Minnesota Starwatch by Deane Morrison, designed to inform the broadest possible community of the appearance of the nightly sky and current activities in newspapers, continues to be published in several newspapers throughout the state.
March always brings passages—winter to spring, ice to slush, sun to the Northern Hemisphere. This year, the month begins with an uncommon passage as the two brightest planets sweep by each other above the southwest horizon.
On Wednesday, the 1st, Jupiter passes within a moon width of brilliant Venus. The gap between them quickly widens as Jupiter falls into the sun’s afterglow. On Wednesday, the 22nd, a thin crescent moon appears above Jupiter about 40 minutes after sunset. The next night, the moon hangs below Venus.
East of the planetary pair, Mars rides high at nightfall as the bright winter stars stream past it. In mid-month Mars glides between Betelgeuse, the giant red star at Orion’s right shoulder, and brilliant Capella, in Auriga, the charioteer. At month’s end the red planet will be heading into Gemini. Enjoy this feast of stars and Mars now, before the winter constellations also slip into the sunset.
March’s full moon arrives at 6:40 a.m. on Tuesday, the 7th, after crossing the night sky below the spring constellation Leo, the lion. The moon sets in the west shortly after reaching fullness, so plan accordingly.
Spring begins with the vernal equinox at 4:24 p.m. Monday, the 20th. At that moment the sun crosses the equator heading north, and Earth will be lighted from pole to pole. From then until the September equinox, the day length increases as we travel north. Also, the day length increases most rapidly near the spring equinox because the sun is then moving most rapidly northward.
If you’re out at the end of evening twilight between the 10th and the 22nd, look for a faint, broad cone of light extending up from the western horizon along the sun’s path. This is the elusive zodiacal light, the result of sunlight reflecting off dust in the plane of the solar system. Recent evidence has suggested a Martian origin for the dust.
In February Venus climbs above the sunset horizon and settles into its latest reign as an “evening star.” But the sun is also climbing, so we have to go out later each night to see our sister planet against a dark sky.
As Venus surges, Jupiter drops toward it, thanks to Earth leaving the giant planet behind in the orbital race. Look for Jupiter in the southwest and watch the two brightest planets draw closer each night. The pair ends the month poised to pass each other on March 1.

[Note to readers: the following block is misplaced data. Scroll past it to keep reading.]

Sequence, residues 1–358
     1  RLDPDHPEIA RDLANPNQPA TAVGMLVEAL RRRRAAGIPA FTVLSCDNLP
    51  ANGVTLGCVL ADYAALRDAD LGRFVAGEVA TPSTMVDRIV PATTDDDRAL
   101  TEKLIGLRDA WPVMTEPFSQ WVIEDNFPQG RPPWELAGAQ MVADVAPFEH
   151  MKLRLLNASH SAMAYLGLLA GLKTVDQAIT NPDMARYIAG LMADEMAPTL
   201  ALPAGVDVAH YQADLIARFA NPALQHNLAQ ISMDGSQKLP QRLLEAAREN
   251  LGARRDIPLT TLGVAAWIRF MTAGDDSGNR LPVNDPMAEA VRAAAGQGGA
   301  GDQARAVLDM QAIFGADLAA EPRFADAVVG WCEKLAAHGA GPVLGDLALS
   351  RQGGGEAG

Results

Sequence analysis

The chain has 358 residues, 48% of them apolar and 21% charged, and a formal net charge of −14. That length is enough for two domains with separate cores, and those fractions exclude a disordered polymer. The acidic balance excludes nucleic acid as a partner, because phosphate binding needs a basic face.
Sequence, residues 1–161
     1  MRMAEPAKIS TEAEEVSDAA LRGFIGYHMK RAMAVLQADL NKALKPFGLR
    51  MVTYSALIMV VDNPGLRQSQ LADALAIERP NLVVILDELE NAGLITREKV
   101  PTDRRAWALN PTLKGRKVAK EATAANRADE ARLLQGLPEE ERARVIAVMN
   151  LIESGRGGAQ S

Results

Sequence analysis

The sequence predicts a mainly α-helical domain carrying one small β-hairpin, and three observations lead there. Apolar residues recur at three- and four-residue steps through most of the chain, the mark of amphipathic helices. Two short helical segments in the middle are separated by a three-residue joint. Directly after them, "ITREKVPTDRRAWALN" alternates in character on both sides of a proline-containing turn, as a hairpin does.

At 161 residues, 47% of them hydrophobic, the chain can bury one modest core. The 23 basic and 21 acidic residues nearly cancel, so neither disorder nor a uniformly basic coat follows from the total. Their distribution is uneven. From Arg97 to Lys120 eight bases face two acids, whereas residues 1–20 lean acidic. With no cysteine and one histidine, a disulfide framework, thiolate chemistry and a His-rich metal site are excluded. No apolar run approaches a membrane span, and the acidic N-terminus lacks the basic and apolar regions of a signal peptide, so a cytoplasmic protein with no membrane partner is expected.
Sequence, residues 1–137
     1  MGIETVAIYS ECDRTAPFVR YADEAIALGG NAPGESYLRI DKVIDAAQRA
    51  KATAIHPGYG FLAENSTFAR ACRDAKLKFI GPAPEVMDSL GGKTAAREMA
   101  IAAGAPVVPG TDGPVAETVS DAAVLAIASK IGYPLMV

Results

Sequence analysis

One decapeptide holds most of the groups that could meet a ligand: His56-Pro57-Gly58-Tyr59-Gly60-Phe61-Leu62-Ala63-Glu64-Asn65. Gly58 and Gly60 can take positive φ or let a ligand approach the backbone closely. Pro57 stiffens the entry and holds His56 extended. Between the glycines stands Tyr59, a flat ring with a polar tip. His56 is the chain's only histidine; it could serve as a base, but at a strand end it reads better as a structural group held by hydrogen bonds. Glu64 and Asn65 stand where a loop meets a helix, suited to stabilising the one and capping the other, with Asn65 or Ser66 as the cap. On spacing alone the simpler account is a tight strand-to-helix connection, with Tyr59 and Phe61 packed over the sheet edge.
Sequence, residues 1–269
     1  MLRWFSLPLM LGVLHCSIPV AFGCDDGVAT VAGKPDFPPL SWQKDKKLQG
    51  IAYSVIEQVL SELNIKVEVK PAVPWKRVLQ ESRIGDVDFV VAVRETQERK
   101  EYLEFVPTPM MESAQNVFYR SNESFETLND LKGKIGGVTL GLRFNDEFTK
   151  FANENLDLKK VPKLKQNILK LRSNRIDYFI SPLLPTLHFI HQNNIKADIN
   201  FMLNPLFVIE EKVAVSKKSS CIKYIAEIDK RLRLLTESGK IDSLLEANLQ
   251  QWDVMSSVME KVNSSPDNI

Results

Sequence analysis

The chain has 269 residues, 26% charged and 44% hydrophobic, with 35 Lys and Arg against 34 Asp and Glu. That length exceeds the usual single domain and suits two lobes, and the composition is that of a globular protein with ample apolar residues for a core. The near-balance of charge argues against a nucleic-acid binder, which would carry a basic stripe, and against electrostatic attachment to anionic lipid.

While Earth regularly leaves Jupiter in the dust, it can’t do that to Venus because it’s closer to the sun and speedier than Earth. Thus, Venus climbs and falls due to its own movement. When it’s an evening star it’s chasing us, but when it appears in the morning sky we’re “eating its dust.”
Mars is now high in the south at nightfall. The red planet is fading but still easy to find; look east of the Pleiades star cluster and above Aldebaran, the eye of Taurus, the bull. Also, take this chance to compare Venus, the brightest planet, to Sirius, the brightest star in the night sky. Sirius is the lowest of the bright winter stars now assembled in the southeast and shines to the lower left of Orion’s hourglass figure. Try in mid-month, when Venus will be higher at nightfall and no moon will interfere.
February’s full moon arrives on the 5th. During the moon’s next cycle it visits Jupiter and Venus on the 21st and 22nd and Mars on the 27th.
On Groundhog Day we celebrate an ancient astronomically based Celtic holiday called Imbolc, or lamb’s milk. It marked the start of the lambing season and was one of four cross-quarter days falling midway between a solstice and an equinox. How the groundhog became linked to this day isn’t clear. As for why seeing its shadow, or not, was important, one theory suggests that if the day was cloudy and shadowless, it portended rain and softening farm fields. But a clear and cold day signaled a more stubborn winter.
The new year opens with Venus climbing out of the sun’s afterglow. On Sunday, January 22, Saturn drops past Venus as Earth’s orbital motion sends the ringed planet tumbling into the sunset. Look for the pair of planets very low in the southwest just as the sky darkens.
If you catch Venus and Saturn, also turn your eyes to Jupiter, the beacon high in the southwest, and high-flying, reddish Mars, the second-brightest object in the knot of winter constellations in the east. With the right timing, you can simultaneously view Venus—the brightest planet—and Sirius, the brightest star (after the sun) and the last of the iconic winter stars to clear the eastern horizon.
January’s full moon arrives on Friday, the 6th. It rises before sunset and becomes full at 5:08 p.m. After nightfall it shines to the right of the Gemini twins Pollux (the brighter) and Castor. Between about 9 p.m. and midnight on Friday the 30th, you’ll have plenty of time to watch a waxing moon of the next cycle glide close below Mars.
In the predawn sky, the Northern Cross lies on its side below brilliant Vega, the jewel of Lyra, the lyre. On the 18th, a thin waning moon rises close to Antares, the heart of Scorpius.
Earth reaches perihelion, the closest point to the sun in its orbit, at 10:17 a.m. on the 4th, when our planet reaches its top speed. Changes in Earth’s speed go largely unnoticed, but they show up in the length of the seasons. Because Earth goes so fast in the middle of its journey from the September to the March equinox, the combined fall-winter season is about seven days shorter for us than for our friends in the Southern Hemisphere.